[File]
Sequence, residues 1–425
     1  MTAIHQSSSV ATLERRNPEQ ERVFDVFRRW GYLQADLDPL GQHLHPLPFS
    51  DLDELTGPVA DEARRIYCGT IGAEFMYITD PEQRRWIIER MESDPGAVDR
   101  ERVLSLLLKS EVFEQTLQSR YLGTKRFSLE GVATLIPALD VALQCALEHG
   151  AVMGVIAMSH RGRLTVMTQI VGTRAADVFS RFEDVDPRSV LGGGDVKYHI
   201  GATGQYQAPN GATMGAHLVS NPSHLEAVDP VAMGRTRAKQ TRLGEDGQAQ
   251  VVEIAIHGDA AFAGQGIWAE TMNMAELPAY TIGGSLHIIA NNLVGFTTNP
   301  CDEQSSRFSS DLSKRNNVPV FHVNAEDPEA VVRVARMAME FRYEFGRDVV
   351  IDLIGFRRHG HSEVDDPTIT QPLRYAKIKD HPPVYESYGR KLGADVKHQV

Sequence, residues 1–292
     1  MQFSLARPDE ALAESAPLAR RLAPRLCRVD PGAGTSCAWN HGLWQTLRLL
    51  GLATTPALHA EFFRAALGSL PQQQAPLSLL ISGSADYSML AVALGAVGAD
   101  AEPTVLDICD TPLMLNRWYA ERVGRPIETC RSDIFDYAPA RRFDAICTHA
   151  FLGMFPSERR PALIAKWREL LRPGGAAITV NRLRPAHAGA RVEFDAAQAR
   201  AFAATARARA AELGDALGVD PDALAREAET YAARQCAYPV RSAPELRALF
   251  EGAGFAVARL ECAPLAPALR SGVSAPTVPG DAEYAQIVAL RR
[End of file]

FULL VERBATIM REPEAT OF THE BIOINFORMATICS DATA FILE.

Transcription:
Sequence, residues 1–425
     1  MTAIHQSSSV ATLERRNPEQ ERVFDVFRRW GYLQADLDPL GQHLHPLPFS
    51  DLDELTGPVA DEARRIYCGT IGAEFMYITD PEQRRWIIER MESDPGAVDR
   101  ERVLSLLLKS EVFEQTLQSR YLGTKRFSLE GVATLIPALD VALQCALEHG
   151  AVMGVIAMSH RGRLTVMTQI VGTRAADVFS RFEDVDPRSV LGGGDVKYHI
   201  GATGQYQAPN GATMGAHLVS NPSHLEAVDP VAMGRTRAKQ TRLGEDGQAQ
   251  VVEIAIHGDA AFAGQGIWAE TMNMAELPAY TIGGSLHIIA NNLVGFTTNP
   301  CDEQSSRFSS DLSKRNNVPV FHVNAEDPEA VVRVARMAME FRYEFGRDVV
   351  IDLIGFRRHG HSEVDDPTIT QPLRYAKIKD HPPVYESYGR KLGADVKHQV

Sequence, residues 1–292
     1  MQFSLARPDE ALAESAPLAR RLAPRLCRVD PGAGTSCAWN HGLWQTLRLL
    51  GLATTPALHA EFFRAALGSL PQQQAPLSLL ISGSADYSML AVALGAVGAD
   101  AEPTVLDICD TPLMLNRWYA ERVGRPIETC RSDIFDYAPA RRFDAICTHA
   151  FLGMFPSERR PALIAKWREL LRPGGAAITV NRLRPAHAGA RVEFDAAQAR
   201  AFAATARARA AELGDALGVD PDALAREAET YAARQCAYPV RSAPELRALF
   251  EGAGFAVARL ECAPLAPALR SGVSAPTVPG DAEYAQIVAL RR